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Moving to a new content delivery network (CDN) can seem daunting from an operational standpoint, and it’s important to ensure your CDN is set up correctly before you start migrating all your traffic. In this post, I’ll outline a few steps you can take to experience a smooth migration process to Fastly.
First, ask yourself two questions. If you’re currently using a CDN, what do you like and what don’t you like about it? Also, what parts of your application would you like to cache, but haven't been able to? The answers to these questions will help you determine what you care about most, and what you want to get out of our content delivery solution.
If you haven’t already, sign up for a test account. We recommend putting a small portion of your traffic on Fastly while you’re checking us out (this will let you see how your content works in a real-world setting).
There are three ways to start testing traffic on Fastly:
The best way you can test Fastly is by issuing a local DNS override of your own machine through an /etc/hosts file override. Doing this override in a local setting (such as your office network) will let you test Fastly in a real-world scenario before moving all your traffic over. Many customers have done this to great success — they were able to have their entire staff working on their site without disruption. This also gives your co-workers the opportunity to alert you to any issues they encounter while you’re testing. With internal traffic being served by Fastly, you can fine-tune configurations to make sure the site doesn’t break and that assets are being cached properly.
Your staff can go about business as usual, giving you insight into whether the CDN is working as it should.
Another way to test is to start moving your traffic over by region and test how the CDN works in a live environment. You can either choose to migrate a percentage of your total traffic or migrate traffic by region (e.g., migrating 25% of American traffic).
The method that works best for you depends on your individual DNS provider. Random assignment of traffic doesn’t have the same clarity or insight as a regional switchover would — if only one in five users from America gets an error message when he requests an asset, that can take time to track down. This is why we recommend a regional switchover, but again, the best approach for your individual business depends on your DNS.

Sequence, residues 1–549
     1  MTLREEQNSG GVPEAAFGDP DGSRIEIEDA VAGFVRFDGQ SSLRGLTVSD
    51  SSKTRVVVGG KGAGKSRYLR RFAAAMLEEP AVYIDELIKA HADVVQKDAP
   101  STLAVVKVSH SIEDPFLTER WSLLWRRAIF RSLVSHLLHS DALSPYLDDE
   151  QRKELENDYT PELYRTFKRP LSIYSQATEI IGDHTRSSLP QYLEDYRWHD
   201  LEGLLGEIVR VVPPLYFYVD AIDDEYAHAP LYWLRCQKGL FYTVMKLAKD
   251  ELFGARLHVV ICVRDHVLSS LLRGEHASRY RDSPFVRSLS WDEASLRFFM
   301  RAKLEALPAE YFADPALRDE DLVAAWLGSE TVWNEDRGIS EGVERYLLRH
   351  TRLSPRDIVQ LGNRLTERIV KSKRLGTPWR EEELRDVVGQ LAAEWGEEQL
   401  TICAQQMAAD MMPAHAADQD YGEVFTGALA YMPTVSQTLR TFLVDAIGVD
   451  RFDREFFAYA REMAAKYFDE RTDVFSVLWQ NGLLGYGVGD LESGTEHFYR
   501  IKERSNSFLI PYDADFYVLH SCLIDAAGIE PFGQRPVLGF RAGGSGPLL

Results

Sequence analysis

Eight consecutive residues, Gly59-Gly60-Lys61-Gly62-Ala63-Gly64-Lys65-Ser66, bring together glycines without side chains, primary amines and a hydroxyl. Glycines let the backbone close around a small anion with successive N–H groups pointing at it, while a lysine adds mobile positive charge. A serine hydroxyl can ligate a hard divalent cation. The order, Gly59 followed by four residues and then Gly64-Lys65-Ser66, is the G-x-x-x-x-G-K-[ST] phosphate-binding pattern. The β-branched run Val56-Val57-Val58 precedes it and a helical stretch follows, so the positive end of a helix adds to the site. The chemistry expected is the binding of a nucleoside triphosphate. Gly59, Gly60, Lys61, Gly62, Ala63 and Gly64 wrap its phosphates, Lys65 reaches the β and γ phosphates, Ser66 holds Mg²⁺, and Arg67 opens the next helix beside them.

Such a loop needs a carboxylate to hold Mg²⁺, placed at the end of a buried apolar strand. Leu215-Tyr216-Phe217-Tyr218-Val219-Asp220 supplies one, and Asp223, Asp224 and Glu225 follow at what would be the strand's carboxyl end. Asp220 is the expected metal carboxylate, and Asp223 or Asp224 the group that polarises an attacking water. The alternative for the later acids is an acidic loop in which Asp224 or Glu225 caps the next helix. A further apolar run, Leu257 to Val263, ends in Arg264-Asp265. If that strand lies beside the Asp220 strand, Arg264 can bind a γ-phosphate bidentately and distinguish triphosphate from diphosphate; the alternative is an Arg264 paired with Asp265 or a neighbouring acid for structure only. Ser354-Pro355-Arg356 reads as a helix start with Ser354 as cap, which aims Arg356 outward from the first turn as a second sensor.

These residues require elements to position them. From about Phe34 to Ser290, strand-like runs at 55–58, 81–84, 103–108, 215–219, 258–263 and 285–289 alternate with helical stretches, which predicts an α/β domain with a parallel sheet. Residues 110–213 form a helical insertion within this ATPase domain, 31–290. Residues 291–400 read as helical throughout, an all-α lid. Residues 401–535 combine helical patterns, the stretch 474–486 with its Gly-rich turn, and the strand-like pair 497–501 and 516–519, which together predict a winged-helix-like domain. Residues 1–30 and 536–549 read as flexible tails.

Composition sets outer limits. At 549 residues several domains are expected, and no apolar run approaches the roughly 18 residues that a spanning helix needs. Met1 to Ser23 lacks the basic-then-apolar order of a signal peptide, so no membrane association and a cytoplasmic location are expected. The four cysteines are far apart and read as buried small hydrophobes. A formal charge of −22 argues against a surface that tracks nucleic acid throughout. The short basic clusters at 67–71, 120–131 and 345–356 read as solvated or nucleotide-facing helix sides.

If you’re already implementing domain sharding, your sharded domains are a great opportunity for a partial migration to Fastly. First, split your assets into a number of subdomains, and then migrate one subdomain over and see how it functions. This is a more controlled approach that allows you to let the CDN run and test it as much as you want before switching your entire site over.
Once you’ve moved some traffic over to Fastly, ask yourself these three questions to determine if your migration has been successful:
We work hard to make the migration process as seamless as possible. But issues still happen, and the most common problems tend to be with assets not caching when they should.
One of our most frequently asked questions during the testing and migration phase is “Why is this not caching?” and often has to do with existing
Cache-Control header configurations which we will never cache.
CMS and developer frameworks may have unnecessary
Set-Cookie headers that get returned on every object. CDNs, by default, won’t cache responses with a
Set-Cookie header for good reason: if a
Set-Cookie header contains a session ID, and the
Set-Cookie header was cached, the session ID would be cached with the
Set-Cookie header. This could possibly expose personal information to other users, so any time Fastly sees a
Set-Cookie header on anything, our CDN will not cache it. Make sure that your system is only returning
Set-Cookie headers where appropriate.
Fastly also won’t cache assets labeled
Cache-Control: private and we respect items labeled max-age as well. Learn more about common cache problems and how to solve them.
One of the best things you can do when migrating traffic over to a CDN is to set up logging. Logs give you a picture of historical stats over time as well as real-time information, so that when something anomalous happens, you can look at your logs and see what was happening when the anomaly occurred, leading to faster fixes. You can also use our steaming logs for business intelligence. Other CDNs will collect limited analytics for you, but you won’t see that information until several hours later.
Setting up logs yourself is fairly straightforward — our documentation will help get you up and running, so you can start streaming logs to your own third-party monitoring tools right away. Note that for a number of regulator, performance, and privacy reasons, Fastly doesn’t store logs.
Here are some great tricks other Fastly customers have used when setting up their logs.
We recommend you set up Origin Shield as soon as possible. You can designate one of Fastly’s points of presence (POPs) as a shield node to your origin server. All origin requests and cache misses then go through your designated Origin Shield POP before hitting your origin. And when other POPs receive requests for assets they don’t have cached, those POPs will request the asset from the shield node first, instead of your origin server. This diverts even more traffic away from your origin and leads to more performance gains, as well as protecting the origin during high-traffic events and reducing strain on your own infrastructure.
At Fastly, we make it easy for you to get up and running on your own, without needing to engage an account rep. If you have any questions, our support team is ready to help you through your migration process.
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